According to the Sustainable Development of Tourism Program, tourism produces 5% of the world’s carbon emissions.
The easy solution to offset this would be for everyone to use their vacation days while sweating away in their non-air conditioned homes, immerse themselves in culture through Youtube and GoogleMaps, conduct business meetings exclusively through Skype, and recycle, recycle, recycle!
In reality, it’s impractical to drastically limit ourselves because we want what’s best for the environment. The freedom to explore the world and experience cultures other than our own is one of the most beautiful things our world has to offer. Therefore we must balance our understanding of how our actions affect the eco-systems around us while still enjoying the privilege of travel.
Here are six easy things we can all do to become more environmentally friendly in our travels:
Every kilo counts! The more weight trains, planes, and automobiles have to carry, the more fuel they use. Consider bringing clothing items that you can easily wear from day to night, and leave the fourth pair of shoes at home!
Explore your transport options
Buses, trains, and carpooling are all greener options than a seat on a flight. In fact, taking a round trip journey by train instead of a plane can cut CO2 emissions by 91%! Even an economy seat on a budget airline opposed to a first class seat on a business charter will help cut emissions.
Further, while at your destination why rent a car when you can either rent a bike or walk to your favorite points of interest? The earth, and your body, will thank you!
Travel with eco-tourism companies
Consider planning your next getaway with companies that use Carbon Offset programs, such as Intrepid Travel.
Three of Intrepid’s current roster of Carbon Offset initiatives include:
- Akbuk Wind Farm Project in Turkey: involves the installation of 15 turbines reducing 67,570 tonnes of CO2 entering the atmosphere each year.
- Purchasing the GS (Gold Star) carbon credits of the production and dissemination of ceramic water purifiers in Cambodia: provides access to clean drinking water for an estimated 400,000 people and saves 43,087 tonnes of CO2 entering the atmosphere.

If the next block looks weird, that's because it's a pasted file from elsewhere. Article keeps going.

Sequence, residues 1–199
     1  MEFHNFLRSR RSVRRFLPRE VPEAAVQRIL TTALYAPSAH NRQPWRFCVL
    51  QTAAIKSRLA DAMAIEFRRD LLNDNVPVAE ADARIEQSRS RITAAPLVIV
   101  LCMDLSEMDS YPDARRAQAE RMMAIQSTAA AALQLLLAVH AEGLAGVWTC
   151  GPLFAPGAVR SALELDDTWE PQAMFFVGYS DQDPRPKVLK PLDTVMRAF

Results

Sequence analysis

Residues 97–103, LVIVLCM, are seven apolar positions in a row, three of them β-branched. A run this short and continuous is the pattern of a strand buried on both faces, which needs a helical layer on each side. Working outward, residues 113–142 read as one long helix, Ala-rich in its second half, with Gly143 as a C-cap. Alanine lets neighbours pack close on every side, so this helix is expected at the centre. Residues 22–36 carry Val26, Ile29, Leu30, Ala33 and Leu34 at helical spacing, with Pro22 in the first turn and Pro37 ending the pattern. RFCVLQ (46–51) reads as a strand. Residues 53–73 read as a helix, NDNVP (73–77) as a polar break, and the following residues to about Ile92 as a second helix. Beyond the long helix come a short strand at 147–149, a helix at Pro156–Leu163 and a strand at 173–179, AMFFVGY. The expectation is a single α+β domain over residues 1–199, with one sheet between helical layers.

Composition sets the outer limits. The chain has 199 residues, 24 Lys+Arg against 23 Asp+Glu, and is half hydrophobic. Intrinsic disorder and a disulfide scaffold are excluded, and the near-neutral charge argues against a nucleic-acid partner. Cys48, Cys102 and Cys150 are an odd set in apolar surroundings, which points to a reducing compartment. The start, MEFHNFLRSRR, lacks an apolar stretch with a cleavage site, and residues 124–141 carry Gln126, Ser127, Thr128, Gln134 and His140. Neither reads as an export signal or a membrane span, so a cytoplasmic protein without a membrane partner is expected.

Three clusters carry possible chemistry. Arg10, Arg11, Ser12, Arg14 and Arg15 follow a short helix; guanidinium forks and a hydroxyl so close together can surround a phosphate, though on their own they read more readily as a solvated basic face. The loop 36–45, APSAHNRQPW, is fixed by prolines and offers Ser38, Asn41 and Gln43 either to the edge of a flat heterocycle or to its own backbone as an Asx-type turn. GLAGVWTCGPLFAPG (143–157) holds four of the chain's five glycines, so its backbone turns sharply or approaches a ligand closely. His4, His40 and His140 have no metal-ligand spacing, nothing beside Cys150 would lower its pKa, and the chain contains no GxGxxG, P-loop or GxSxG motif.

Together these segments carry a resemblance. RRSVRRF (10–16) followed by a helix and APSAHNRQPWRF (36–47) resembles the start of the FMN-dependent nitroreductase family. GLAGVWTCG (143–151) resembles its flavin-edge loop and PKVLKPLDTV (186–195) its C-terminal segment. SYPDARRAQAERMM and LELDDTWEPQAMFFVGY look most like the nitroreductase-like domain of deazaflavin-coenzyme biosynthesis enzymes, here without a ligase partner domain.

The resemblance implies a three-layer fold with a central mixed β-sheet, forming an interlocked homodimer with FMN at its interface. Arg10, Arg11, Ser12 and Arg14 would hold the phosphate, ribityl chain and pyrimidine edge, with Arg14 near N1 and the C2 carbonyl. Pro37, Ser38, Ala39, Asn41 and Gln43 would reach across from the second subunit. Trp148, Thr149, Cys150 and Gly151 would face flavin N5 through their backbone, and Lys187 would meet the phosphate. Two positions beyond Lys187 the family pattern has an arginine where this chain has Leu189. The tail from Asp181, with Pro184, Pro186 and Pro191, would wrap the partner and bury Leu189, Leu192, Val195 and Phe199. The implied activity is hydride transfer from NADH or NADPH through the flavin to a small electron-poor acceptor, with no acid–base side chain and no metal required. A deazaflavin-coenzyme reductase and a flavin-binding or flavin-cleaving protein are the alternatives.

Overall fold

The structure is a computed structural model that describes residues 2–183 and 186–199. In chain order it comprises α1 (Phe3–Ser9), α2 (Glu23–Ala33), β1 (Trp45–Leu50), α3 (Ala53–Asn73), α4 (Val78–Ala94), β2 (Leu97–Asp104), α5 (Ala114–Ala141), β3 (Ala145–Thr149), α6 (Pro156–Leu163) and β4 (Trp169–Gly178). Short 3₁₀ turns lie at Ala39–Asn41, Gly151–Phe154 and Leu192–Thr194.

- The Verified Carbon Standard (VCS) Kasigau Corridor REDD+ project in Kenya: a program that avoids unplanned deforestation and degradation of forest that are home to vulnerable species such as the African Elephant, cheetah, lion, African hunting dog and Grevy’s zebra. Source
Before you travel, make sure that your tour company has a similar Responsible Travel page. If not, inquire via e-mail as to what initiatives they have in place to offset their emissions.
Purchase food/goods from local vendors
Not only does buying locally sourced goods support the local economy, it helps cut down your carbon footprint as well. For example, a pint of beer from a local brewery travels a shorter distance than one from halfway around the world. The extra dollars you spend on an import is essentially buying it a place on a plane or boat.
Bring a reusable shopping bag and water bottle
It’s easy for us to buy and use reusable shopping bags and water bottles while we’re at home, so why not while we’re on the road? These items will take up minimal space in your bag, and you can even carry your own water-sterilization equipment for use when water conditions become questionable.
Additionally, water-fountain fill-ups and having your own shopping bag will save you precious spending money!
Stay at hotels that are Energy Star or LEED certified
Did you know that the average air-conditioned hotel room generates 105 pounds of CO2 a day? Before checking into your hotel room, consider booking a double-bed room and staying with a friend. Or, for the more adventurous types, couch-surf or stay in a hostel dorm room.
The Energy Star program supported by the EPA rates hotels on their energy efficiency. Look for their logo while shopping for lodging.
Likewise, the LEED program by the U.S. Green Building Council puts its stamp of approval on buildings that meet minimum green requirements.